The shrine, a small Mudéjar-style structure built in the late 13th century, was initially dedicated to Santa María de Carrión. However, nothing remains of it, and the site is now occupied by the structure we see today.
The physical appearance of the shrine has changed significantly over time due to multiple renovations in different periods. The current building has a single rectangular nave divided into three bays and a chancel covered by a groin vault with plasterwork. The neoclassical entrance at the west end is crowned by a bell gable from the early 19th century. The lintelled side portal is from a later date. The latest interventions took place in the second half of the 20th century, revealing some ancient structures.
A Chapel of the Blessed Sacrament was built in 2009, attached to the north wall. It was built on the site of the former lavatorium, a space used in past centuries to wash and heal the wounds of the flagellants who took part in the procession of the True Cross during Holy Week, as well as pilgrims who travelled to the shrine.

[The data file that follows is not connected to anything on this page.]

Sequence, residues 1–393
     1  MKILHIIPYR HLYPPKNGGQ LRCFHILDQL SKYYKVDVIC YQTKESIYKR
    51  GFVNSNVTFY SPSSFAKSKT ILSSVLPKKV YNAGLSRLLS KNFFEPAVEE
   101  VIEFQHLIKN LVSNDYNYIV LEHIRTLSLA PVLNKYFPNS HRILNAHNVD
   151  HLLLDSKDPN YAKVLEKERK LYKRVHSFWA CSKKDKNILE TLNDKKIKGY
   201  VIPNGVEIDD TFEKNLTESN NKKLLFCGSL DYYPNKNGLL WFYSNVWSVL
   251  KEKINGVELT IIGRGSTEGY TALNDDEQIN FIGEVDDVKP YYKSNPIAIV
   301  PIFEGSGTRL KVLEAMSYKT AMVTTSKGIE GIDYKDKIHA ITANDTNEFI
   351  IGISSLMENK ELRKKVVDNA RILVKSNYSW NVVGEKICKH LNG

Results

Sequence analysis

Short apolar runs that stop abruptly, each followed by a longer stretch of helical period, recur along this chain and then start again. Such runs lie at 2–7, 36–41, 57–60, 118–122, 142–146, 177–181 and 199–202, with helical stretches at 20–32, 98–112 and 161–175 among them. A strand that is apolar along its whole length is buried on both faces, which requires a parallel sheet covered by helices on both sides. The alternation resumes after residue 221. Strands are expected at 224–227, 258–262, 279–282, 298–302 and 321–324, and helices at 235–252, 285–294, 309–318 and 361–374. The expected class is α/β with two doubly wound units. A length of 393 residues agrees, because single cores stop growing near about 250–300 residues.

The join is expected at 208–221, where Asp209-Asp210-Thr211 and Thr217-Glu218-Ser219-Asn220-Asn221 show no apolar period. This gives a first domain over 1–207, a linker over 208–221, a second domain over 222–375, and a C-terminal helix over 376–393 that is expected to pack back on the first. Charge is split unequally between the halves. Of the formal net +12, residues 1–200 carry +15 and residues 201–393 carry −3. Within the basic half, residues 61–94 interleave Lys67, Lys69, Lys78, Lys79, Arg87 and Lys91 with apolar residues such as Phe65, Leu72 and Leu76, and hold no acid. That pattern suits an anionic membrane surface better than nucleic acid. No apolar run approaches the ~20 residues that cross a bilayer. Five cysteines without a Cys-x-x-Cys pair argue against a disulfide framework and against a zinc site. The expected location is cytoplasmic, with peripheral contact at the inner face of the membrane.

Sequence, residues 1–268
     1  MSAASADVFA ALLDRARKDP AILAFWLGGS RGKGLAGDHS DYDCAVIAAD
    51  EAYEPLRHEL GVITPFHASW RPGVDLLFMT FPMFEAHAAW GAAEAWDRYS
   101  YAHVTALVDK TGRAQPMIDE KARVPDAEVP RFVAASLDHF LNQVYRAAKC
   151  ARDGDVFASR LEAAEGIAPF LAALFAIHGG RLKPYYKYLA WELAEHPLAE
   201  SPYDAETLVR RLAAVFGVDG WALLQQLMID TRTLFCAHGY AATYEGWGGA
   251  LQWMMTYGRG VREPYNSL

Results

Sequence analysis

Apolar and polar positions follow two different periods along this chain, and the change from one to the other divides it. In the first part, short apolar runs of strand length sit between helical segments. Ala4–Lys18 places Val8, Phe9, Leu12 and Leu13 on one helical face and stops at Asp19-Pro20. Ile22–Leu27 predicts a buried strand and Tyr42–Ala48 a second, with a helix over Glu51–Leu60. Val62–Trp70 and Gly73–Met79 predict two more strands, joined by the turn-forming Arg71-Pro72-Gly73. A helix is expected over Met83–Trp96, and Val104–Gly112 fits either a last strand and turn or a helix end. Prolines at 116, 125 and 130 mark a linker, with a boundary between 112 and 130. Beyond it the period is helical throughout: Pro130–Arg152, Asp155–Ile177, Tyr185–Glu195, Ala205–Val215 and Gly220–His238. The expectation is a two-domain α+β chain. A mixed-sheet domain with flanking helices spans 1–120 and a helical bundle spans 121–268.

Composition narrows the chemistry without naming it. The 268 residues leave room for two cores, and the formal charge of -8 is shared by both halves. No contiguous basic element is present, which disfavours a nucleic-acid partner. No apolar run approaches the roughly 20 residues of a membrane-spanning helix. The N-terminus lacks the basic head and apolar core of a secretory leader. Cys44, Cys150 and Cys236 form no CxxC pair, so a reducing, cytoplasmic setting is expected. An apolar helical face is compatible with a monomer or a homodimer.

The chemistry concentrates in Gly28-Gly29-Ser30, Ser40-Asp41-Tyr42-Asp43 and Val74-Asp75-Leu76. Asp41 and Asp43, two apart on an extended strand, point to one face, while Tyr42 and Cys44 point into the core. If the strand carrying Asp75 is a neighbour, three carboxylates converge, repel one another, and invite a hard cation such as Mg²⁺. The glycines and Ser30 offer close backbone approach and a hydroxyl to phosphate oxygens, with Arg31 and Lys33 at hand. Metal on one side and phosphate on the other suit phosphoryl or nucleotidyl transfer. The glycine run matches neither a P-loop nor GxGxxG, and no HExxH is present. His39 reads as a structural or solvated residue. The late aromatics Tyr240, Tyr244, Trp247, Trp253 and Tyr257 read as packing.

An image of Our Lady of Consolation, to whom the chapel is dedicated, is inside a small chapel built behind the chancel in the early 19th century. The statue, from the second half of the 16th century, was made by an unknown artist of the Seville School. This space was decorated in 1947 with a fresco based on Eucharist-themed motifs and references to Our Lady of Consolation, embellished with floral motifs. The main altarpiece, made by Guzmán Bejarano in 1965, is made of carved, gilded wood and features the coat-of-arms of the Confraternity of Our Lady of Consolation based in this shrine.